The Monash University study, led by Emeritus Professor Paul O'Brien and Dr John Wentworth from the Centre for Obesity Research and Education (CORE), has determined that weight loss surgery (gastric banding) for overweight people with diabetes had a profound impact on the illness.
The research has been released today in the prestigious medical journal The Lancet Diabetes and Endocrinology
"This is the first randomised controlled trial demonstrating that treatment of type 2 diabetes in overweight people by substantial weight loss is safe and hugely beneficial," Professor O'Brien said. "As there are no alternative options that can achieve such a result, this study indicates a potentially attractive path for the overweight person with diabetes and for those providing the care."
The study looked at people who suffered diabetes and were overweight, but not obese. The connection between excessive body weight and diabetes is well known, but while the benefits of weight loss for obese people suffering type 2 diabetes have been well document, it has not been clear if those who were overweight would enjoy the same benefits.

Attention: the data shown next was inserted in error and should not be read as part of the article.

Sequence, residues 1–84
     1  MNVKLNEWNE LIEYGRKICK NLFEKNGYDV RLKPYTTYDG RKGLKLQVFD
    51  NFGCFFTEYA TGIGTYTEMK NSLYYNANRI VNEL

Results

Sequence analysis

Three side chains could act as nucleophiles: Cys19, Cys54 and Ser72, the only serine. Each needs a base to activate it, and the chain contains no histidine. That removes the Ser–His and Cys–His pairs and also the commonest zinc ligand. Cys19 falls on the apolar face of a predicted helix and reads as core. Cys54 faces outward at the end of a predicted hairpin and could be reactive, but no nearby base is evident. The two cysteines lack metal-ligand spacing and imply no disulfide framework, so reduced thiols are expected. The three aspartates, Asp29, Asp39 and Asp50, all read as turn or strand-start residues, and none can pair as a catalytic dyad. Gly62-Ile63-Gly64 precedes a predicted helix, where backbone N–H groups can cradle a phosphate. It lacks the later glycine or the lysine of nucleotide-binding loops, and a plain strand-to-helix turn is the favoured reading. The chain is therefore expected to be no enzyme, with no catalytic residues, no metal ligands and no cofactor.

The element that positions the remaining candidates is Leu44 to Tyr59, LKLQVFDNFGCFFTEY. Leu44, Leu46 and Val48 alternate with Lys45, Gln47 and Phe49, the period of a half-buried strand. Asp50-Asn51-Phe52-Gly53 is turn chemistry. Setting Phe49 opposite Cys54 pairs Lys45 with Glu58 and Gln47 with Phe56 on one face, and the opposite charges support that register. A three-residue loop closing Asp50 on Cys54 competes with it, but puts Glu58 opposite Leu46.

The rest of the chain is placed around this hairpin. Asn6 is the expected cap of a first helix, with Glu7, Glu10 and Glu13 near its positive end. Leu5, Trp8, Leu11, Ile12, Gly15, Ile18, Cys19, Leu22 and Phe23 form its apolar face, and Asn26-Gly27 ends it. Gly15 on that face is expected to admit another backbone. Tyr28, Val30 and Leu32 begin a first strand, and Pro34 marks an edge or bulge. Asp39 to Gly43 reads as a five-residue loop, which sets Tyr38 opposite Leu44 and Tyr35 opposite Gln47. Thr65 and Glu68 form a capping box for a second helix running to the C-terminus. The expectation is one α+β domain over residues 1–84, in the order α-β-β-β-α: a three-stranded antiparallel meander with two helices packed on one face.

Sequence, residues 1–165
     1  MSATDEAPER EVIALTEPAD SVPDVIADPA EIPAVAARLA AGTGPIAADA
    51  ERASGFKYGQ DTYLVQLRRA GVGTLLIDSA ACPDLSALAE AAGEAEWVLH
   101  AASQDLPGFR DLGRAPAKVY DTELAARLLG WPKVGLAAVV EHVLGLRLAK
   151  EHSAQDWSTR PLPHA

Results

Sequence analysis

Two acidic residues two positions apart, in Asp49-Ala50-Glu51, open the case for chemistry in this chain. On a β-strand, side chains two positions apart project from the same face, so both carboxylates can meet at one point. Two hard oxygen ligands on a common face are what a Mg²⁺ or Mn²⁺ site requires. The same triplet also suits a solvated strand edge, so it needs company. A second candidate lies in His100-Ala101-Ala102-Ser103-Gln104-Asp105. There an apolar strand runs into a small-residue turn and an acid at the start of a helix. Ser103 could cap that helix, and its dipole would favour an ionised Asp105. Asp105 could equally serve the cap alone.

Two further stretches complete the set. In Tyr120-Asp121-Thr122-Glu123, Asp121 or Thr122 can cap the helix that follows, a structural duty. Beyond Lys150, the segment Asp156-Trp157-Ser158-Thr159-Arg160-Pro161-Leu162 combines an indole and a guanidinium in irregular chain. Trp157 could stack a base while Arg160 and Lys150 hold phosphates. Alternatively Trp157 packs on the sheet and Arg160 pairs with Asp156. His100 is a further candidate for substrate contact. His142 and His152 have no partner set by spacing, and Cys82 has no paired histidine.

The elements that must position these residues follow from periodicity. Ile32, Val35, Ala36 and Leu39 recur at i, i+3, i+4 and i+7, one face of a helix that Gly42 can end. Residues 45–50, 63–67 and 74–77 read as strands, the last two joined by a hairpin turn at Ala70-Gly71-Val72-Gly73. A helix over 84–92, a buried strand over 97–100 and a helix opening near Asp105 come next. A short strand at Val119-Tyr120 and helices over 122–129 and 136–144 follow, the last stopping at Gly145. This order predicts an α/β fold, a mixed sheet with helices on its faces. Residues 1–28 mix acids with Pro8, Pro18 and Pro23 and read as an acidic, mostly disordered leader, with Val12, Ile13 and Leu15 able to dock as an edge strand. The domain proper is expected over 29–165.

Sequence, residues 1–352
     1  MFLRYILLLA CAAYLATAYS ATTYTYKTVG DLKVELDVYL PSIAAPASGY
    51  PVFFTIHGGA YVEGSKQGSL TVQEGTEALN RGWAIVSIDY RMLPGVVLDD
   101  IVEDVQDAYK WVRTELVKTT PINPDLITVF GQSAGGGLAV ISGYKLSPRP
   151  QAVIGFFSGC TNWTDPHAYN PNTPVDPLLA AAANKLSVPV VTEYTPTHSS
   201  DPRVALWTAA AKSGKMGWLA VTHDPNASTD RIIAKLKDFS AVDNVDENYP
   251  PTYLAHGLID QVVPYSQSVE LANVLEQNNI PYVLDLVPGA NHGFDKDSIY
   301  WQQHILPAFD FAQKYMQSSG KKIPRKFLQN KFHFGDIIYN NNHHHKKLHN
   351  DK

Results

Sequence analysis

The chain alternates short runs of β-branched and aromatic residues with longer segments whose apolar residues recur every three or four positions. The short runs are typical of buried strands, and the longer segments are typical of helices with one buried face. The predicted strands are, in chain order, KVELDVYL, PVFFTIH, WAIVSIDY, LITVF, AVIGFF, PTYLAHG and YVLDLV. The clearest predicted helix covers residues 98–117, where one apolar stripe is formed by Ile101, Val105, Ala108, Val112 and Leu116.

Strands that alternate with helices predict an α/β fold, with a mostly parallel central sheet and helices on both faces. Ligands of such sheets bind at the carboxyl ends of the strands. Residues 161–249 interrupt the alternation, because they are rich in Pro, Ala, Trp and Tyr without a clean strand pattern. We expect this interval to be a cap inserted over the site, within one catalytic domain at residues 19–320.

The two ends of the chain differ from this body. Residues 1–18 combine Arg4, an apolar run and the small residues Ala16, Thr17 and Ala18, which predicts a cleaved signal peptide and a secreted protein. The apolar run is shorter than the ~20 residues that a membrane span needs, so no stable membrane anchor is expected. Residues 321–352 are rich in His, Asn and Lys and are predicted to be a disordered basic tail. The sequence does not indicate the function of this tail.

The study enrolled 50 people with diabetes who were overweight, but not obese, with a body mass index between 25 and 30.
"We provided a comprehensive program of multidisciplinary care to all of the participants, but randomly allocated half of them to receive an additional treatment of adjustable gastric banding," Professor O'Brien explained.
"The surgery was conducted as an outpatient procedure with no significant adverse effects. We were pleased to see was that after two years into the trial, more than half of the banded group were in remission of their diabetes while only eight per cent of the non banded group were in remission."
The results showed a strong relationship between the amount of weight loss and remission of diabetes, clearly showing that successful ways of reducing weight such as gastric banding should have a high priority in the treatment of diabetes.
With over a million Australians suffering from type 2 diabetes, and an additional 270 people per day being diagnosed with the illness, the need to manage diabetes has never been greater.